Bitcoin Triples Again; Thoughts on Money and Freedom
June 9, 2011 · Posted in Monetary Economics
Much is being written and talked about when it comes to Bitcoin these days. Smartmoney writes The Bitcoin Triples Again:
The world’s fastest-gaining currency has tripled in price again. Last week, SmartMoney.com reported that the Bitcoin had exploded from an exchange rate near zero to more than $10 in about a year, making it one of the top-returning assets of any kind. On Wednesday the currency topped $30.
I myself don’t know much about Bitcoin yet, but what I do know that most people who write about it have little to no clue about the concept and the history of money.
A money is a medium of exchange. Under free competition in the realm of media of exchange, those goods that are most desired by consumers to fulfill this role will outstrip others in this process, just as they do in any other field where demands are to be fulfilled.
It is only through government fiat and intervention that the money market has been turned into a centrally controlled and directed monopoly. As I’ve explained before:
Fiat currency is demanded by individuals in exchange transactions because its acceptance in payments of debts is enforced by the state, because it is required in tax payments, and because reproducing the same currency without state approval is prevented via the threat or use of aggression. This ensures that there will always be some kind of demand for it.
The internet, arguably the freest economy in the world today ( ironically originally created by government bureaucrats :) ) has changed and is changing the world in ways that many still cannot fathom and are slow to catch up with.
While free competition on the internet has already decentralized the market for media and communication, and has allowed to bring to bear the benefits of the free market upon an enormously large segment of today’s population, in particular the younger generation, bitcoin appears to be the internet’s first serious attempt to challenge the government’s currently global oligopoly on the production of money, and so far it seems to be a medium that is gaining in popularity. Who knows where exactly it will go?
The other day I read a criticism from a guy as to why bitcoin won’t work and why its decentralized mechanism of producing currency is flawed etc. etc. But all those who criticize the concept of a decentralized, non government controlled, currency are either paid off or missing the point:
Us libertarians do not proclaim to know which single commodity out there in the world will be the best medium to facilitate exchange for all time to come! We are not in love with gold, silver, or bytes streaming through cyberspace. All we say is this: “The initiation of the use of force is immoral.” And as I explained above, unfortunately every single pillar that fiat currency rests upon is rooted in just that. We say: Let free and peaceful people decide for themselves what they prefer as currencies, and let them produce currencies where they think they can fill the need for a stable medium of exchange better than others.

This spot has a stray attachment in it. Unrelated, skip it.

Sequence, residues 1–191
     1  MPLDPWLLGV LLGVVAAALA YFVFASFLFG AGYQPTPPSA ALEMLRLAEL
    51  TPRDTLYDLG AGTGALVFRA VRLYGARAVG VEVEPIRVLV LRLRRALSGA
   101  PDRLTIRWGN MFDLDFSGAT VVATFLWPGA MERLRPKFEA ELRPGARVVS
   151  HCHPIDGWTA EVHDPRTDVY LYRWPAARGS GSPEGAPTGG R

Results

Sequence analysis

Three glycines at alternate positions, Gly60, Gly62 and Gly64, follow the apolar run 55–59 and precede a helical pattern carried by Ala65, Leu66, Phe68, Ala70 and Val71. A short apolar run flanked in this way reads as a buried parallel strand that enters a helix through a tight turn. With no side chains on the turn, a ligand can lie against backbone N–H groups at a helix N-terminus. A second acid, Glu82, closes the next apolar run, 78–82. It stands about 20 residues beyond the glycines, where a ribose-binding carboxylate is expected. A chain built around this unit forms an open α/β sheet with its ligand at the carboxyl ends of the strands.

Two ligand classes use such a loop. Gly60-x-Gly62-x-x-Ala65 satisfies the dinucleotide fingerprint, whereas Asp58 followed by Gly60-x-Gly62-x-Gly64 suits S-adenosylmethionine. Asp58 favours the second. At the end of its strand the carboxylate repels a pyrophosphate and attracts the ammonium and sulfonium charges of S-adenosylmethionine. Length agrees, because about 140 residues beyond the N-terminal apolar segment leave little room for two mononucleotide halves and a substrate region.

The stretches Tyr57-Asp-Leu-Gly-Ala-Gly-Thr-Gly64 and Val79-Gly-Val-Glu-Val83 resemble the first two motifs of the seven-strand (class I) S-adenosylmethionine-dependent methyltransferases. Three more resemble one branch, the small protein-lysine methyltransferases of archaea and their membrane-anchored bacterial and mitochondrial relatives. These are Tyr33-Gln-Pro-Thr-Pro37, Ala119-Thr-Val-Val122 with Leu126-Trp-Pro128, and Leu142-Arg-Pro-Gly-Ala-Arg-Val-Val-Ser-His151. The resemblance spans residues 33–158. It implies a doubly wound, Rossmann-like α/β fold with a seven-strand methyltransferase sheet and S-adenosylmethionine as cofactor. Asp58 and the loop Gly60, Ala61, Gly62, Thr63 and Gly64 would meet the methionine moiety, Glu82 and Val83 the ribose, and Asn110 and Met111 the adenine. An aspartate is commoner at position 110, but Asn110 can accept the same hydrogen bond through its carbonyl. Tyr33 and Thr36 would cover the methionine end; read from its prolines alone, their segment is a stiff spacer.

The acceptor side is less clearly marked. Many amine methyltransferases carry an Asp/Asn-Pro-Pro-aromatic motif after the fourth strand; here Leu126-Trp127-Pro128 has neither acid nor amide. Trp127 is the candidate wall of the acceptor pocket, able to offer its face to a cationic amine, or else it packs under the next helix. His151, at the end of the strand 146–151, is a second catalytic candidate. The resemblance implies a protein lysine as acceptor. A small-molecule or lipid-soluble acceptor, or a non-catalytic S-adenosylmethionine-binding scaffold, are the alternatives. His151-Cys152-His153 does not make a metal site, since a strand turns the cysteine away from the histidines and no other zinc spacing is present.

(It is precisely this that the governments of the world fear: to have to actually be subject to the mundane and annoying checks and balances called consumer demands, complaints, and competition from superior service providers. Thus, just as in the case of Net Neutrality and the FCC, you can be sure that they will use every trick in the book to curb bitcoin’s emergence as much as possible. They will say that it’s used by crazy people who sell drugs and prostitution and who eat puppies and babies etc. etc., just to get moral sanction from the public to crack down. Of course they will have to pass in silence the fact that cash fiat money, purely and 100% created by the state, is still organized crime’s prime medium of exchange.
But in the case of bitcoin a crackdown will have to be well planned and orchestrated because if its decentralized nature does indeed prove to be safe from government meddling, then its popularity will only rise exponentially!)
So, to go back to my prior point, even if bitcoin turned out to be a gigantic failure, it absolutely doesn’t matter! This is precisely the point of having free competition in the realm of money: To allow the better producers to stay in business and let the irresponsible ones fail. So long as irregularities and problems are addressed on a smaller level, the repercussions for the affected customers are far less of a drain upon society than continuous and ongoing nationwide or even global boom and bust cycles, financial crises, and fiat money and credit financed wars.
We are not wed to conclusions. We do not say that gold or platinum or bits are the one best currency forever and ever. We are only wed to a process: that of logic and evidence. Market competition and the respect for individual’s body and property leaves little room for arbitrariness and whim and forces suppliers to test their hypotheses about what is and what is not demanded by the majority. Where their decisions were wrong they will be negatively affected and try and improve, where they were right, they will be rewarded.
So to the critics of bitcoin who intend use it as an example of how decentralized currencies won’t work, impatiently awaiting its apparently oh so predictable collapse, I would say this: Why don’t you calm down and let the chips (or coins) fall where they may? :)